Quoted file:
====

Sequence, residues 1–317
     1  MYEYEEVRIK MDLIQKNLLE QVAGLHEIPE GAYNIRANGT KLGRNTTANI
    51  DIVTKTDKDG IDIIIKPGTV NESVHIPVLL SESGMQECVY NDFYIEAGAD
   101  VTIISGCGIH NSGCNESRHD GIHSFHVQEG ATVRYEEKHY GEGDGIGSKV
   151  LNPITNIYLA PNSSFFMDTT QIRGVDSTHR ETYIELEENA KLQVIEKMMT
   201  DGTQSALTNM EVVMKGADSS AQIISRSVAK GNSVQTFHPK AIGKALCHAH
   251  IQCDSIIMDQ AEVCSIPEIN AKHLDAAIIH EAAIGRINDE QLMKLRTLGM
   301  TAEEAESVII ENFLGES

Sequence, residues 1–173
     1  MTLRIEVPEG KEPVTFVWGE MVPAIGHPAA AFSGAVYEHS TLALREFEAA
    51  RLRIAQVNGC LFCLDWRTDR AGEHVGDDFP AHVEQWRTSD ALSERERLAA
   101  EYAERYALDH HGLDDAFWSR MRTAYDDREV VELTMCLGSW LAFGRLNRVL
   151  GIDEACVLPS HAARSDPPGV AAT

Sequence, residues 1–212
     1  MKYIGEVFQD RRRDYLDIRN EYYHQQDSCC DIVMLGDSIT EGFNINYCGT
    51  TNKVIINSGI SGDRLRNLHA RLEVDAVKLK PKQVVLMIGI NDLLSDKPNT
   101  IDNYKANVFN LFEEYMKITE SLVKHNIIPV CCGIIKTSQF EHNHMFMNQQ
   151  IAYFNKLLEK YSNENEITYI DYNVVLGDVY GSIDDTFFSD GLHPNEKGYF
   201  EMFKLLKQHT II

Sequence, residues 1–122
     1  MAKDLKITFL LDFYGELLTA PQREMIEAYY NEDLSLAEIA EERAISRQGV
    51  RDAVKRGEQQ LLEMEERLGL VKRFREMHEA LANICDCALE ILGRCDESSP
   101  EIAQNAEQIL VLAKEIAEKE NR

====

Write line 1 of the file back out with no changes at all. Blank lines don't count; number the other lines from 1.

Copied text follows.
Sequence, residues 1–317